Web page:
WHERE WAS HE? (Daniel – part 3)

Don’t be afraid, for I am with you. Don’t be discouraged, for I am your God. I will strengthen you and help you. I will hold you up with my victorious right hand. [Isaiah 41:10 (NLT)]

Frabel - Naples Botanic GardenSomeone was missing from yesterday’s story of Shadrach, Meshach, and Abednego and the fiery furnace: their good friend Daniel. When Nebuchadnezzar’s giant statue was erected on the plain of Dura, word was sent to all of his officials to assemble there for the statue’s dedication. We know Shadrach, Meshach, and Abednego were there because Daniel reported that they got tossed in a fiery furnace for refusing to bow to an idol. But what of Daniel? He’s the one who chronicled the event: the one who wrote that all of the high officers, officials, governors, advisers, treasurers, judges, magistrates, and provincial officials were present. Daniel gives no explanation for his absence at the dedication of the king’s golden statue.

We’d like to think that Daniel remained back in Babylon for some important task at the palace, was elsewhere on a vital mission, or even sick in bed. We want to think Daniel wasn’t there because, if he’d been in Dura that day, he should have joined his friends in the furnace. Four men would have been sent to certain death unless, unlike his friends, Daniel had bowed to the idol! Daniel, however, is our hero: the wise prophet who later braved a king’s wrath to pray and survived being thrown into a den of lions. We never want to think that our heroes are real people, with feet of clay, just like us. When we look at the Bible’s heroes, however, they really are every bit as flawed as are we! Among others, we have drunken Noah, lying Abraham, impatient Sarah, deceitful Jacob, thieving Rachel, temperamental Moses, jealous Miriam, weak Aaron, immoral Rahab, psychotic Saul, adulterous David, sex-addicted Solomon, bad dads Eli and Samuel, the thieving publican Matthew, and Peter, the disciple who denied Jesus. They all disappointed God and sinned at one time or another.

We’ll never know if Daniel was in that fiery furnace with his friends, far from Dura that day, or if he bowed to the idol. Oddly, the remote possibility that he might have bowed his head to an idol doesn’t bother me. It doesn’t disturb me because we have a great God of second (third, fourth, and more) chances. If Daniel sinned that day, along with prophecy and history, his story is one of forgiveness and redemption.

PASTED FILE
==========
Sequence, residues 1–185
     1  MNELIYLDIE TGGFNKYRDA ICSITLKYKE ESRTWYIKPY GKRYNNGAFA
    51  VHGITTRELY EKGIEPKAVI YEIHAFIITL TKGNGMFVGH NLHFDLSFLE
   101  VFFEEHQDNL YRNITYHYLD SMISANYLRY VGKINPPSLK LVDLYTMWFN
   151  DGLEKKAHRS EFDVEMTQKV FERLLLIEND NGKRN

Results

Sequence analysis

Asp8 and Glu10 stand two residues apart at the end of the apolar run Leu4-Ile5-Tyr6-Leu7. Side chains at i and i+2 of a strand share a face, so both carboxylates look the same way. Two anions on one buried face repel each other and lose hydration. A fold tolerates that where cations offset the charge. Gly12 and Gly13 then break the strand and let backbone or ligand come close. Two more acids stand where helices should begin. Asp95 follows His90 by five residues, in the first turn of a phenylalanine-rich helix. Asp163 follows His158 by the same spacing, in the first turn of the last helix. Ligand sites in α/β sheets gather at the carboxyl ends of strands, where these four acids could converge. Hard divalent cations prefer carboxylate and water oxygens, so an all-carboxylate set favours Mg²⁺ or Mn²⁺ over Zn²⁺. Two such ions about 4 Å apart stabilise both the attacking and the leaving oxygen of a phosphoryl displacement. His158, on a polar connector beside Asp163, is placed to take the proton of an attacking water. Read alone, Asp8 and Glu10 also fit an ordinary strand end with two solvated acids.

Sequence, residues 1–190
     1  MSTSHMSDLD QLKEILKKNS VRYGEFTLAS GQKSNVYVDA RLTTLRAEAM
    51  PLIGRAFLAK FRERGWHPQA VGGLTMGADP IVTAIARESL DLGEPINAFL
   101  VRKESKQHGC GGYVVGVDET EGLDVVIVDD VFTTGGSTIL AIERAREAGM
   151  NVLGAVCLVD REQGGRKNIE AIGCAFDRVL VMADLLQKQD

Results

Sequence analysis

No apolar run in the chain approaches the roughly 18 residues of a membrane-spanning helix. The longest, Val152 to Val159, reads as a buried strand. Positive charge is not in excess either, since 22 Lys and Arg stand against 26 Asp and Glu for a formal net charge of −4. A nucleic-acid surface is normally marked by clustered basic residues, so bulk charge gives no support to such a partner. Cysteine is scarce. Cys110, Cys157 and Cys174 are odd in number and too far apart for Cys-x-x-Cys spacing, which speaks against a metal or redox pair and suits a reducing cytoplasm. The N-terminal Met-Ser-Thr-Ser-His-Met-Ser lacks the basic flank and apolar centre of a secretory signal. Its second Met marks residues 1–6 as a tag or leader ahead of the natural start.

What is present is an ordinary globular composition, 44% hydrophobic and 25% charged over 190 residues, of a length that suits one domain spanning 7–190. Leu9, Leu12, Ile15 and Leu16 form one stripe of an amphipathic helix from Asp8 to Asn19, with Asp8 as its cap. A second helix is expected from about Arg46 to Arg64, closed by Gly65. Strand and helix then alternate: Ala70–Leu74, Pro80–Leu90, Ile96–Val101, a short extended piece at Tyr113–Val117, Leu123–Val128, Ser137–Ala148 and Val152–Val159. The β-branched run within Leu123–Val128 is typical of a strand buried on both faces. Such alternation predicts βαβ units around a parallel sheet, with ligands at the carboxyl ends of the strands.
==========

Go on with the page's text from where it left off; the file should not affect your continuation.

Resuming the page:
What we do know is that that God continued to give Daniel wisdom and revelations during the more than seventy years he served the four rulers of Babylon. We know that, when another opportunity arose to honor his God by rejecting idolatry, Daniel did the right thing. Perhaps he was inspired by his friends’ faith. In spite of knowing that he’d face certain death in a lions’ den, Daniel remained faithful and continued to openly pray to God rather than to the king. “May your God, whom you serve so faithfully rescue you,” said the king, and God did. Daniel, at the end of his story, was as faithful to God as were his three friends that day on the plain of Dura.

For he is the living God, and he will endure forever. His kingdom will never be destroyed, and his rule will never end. He rescues and saves his people; he performs miraculous signs and wonders in the heavens and on earth. He has rescued Daniel from the power of the lions. [Daniel 6: 26-27 (NLT)]

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MISTAKES HAPPEN

But if we confess our sins to him, he is faithful and just to forgive us our sins and to cleanse us from all wickedness. [1 John 1:9 (NLT)]

golden mantled ground squirrel - YellowstoneIt was late Saturday night when one of our pastors glanced at the next day’s church program and saw that Sunday’s sermon was titled “Epithet.” Since he wasn’t speaking about insults on social media but about the way we’ll be remembered when we’re gone, it should have read “Epitaph.” After spending the next hour trying to figure out a way to tie epithets into epitaphs, he realized it made more sense to own up to his spelling error, which he did at all three services.

Life gives us an abundance of opportunities to make mistakes and, sometimes, it seems as if we never miss one! We mishear, misinterpret, misjudge, misread, misspeak, misspell, misunderstand and, yes, we sin. We take wrong turns, say the wrong things, and believe the wrong person. Sometimes, that wrong person is an over-confident self. Overly confident, the pastor didn’t proofread, the builders of the Titanic didn’t provide enough life boats, and Napoleon thought he could successfully invade Russia in the winter.

Like the pastor, as much as we hate to do it, we need to own our mistakes and admit our responsibility for them. Sometimes, we can make the best of them, in which case they cease being mistakes. For example, while 3M’s Patty Sherman was trying to develop a rubber that wouldn’t deteriorate when exposed to jet fuel fumes, she made a mistake and spilled a few drops of one failed test batch on her shoe. Later, seeing that those spots were clean while the rest of her shoe had gotten stained and dirty, she made the most of that mistake with a product we call Scotchguard!

Sometimes, we can fix our mistakes. When KFC discovered their motto “Finger-lickin’ good!” became “Eat your fingers off!” in Chinese, they quickly corrected their clumsy translation. Sometimes, though, we just plow on ahead in the face of our errors. The Leaning Tower of Pisa started to lean five years after construction began but, rather than admit and correct the problem, building continued for another for 192 years. They kept compensating by making the uphill side shorter but, because mistakes don’t correct themselves, the tower kept leaning.